Iodine is the essential trace element that combines with the amino acid tyrosine to form thyroid hormones T4 and T3. Thyroxine (T4) contains four iodine atoms, and triiodothyronine (T3) contains three iodine atoms.
The problem is unless you have symptoms for hypo– or hyperthyroidism, it’s unlikely that your doctor will order a thyroid panel for you. Unless you ask them specifically.
Most doctors are trained and don’t know any better than to simply order a TSH blood test. Measuring TSH is not a reliable way to assess the health of your thyroid.
Why is this important? You could be dealing with thyroid problems and not be aware of it until symptoms get severe. In my case, I ended up in the ER with what I thought was a heart attack. Turns out I was hypothyroid.
Thyroid problems can be caused by a host of things. But the most common is an Iodine deficiency. Insufficient iodine is not only a problem in developing countries. Studies have found this holds even in Western countries; iodine deficiency has become a critical health problem world-wide.[xvi]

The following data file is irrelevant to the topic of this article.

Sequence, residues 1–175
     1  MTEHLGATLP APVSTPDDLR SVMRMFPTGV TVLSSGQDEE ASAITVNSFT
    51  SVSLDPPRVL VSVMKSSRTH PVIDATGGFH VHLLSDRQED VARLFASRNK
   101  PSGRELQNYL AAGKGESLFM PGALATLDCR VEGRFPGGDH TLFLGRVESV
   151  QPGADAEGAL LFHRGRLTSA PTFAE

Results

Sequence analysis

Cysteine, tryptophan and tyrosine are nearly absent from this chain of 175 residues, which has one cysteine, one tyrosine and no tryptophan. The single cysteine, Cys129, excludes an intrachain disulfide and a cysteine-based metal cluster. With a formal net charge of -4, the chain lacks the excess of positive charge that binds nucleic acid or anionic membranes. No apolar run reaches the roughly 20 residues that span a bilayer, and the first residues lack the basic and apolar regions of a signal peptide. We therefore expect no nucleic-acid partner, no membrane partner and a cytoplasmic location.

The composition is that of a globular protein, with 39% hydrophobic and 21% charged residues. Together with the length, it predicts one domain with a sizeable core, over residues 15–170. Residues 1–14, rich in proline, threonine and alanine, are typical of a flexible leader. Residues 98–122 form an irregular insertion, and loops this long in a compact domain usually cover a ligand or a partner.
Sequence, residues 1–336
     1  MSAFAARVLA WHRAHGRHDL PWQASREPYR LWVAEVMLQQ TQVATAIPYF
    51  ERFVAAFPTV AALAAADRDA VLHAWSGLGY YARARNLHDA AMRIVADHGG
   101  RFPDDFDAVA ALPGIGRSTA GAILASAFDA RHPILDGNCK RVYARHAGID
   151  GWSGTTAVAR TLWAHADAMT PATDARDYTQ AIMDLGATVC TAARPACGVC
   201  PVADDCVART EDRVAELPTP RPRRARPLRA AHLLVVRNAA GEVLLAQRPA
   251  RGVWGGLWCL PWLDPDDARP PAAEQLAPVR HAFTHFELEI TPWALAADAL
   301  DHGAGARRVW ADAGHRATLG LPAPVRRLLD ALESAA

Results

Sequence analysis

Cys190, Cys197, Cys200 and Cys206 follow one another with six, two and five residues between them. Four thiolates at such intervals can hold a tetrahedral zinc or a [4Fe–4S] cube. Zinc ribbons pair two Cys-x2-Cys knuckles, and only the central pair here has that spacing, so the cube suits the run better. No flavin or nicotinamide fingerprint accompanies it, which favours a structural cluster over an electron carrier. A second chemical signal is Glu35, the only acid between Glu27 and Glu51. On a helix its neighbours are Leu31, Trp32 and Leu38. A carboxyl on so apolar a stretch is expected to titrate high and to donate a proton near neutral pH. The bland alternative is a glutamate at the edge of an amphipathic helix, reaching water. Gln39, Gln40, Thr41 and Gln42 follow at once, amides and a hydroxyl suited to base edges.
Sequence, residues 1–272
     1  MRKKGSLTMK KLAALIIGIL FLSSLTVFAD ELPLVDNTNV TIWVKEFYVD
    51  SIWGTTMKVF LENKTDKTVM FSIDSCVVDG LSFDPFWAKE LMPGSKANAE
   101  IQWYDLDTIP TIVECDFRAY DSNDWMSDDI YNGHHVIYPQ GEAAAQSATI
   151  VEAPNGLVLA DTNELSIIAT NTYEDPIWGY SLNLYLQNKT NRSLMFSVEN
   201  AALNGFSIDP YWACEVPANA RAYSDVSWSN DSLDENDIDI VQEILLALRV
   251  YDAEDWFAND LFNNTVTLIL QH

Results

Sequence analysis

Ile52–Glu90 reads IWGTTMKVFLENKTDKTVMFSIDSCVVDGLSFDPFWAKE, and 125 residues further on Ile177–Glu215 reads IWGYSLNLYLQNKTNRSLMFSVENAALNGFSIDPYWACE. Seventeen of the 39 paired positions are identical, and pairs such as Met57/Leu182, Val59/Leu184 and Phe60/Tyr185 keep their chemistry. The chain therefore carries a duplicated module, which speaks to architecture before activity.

This is especially critical for anyone working on optimizing your brain. Within your brain, T4 is converted to T3 by selenium which then affects gene expression controlling metabolism within cells. And activates the catecholamines dopamine, norepinephrine and epinephrine.
A malfunctioning thyroid caused by iodine deficiency results in brain fog, poor cognition, difficulty learning, problems with recall, depression and anxiety. All symptoms I personally experienced until I got my thyroid levels back in line.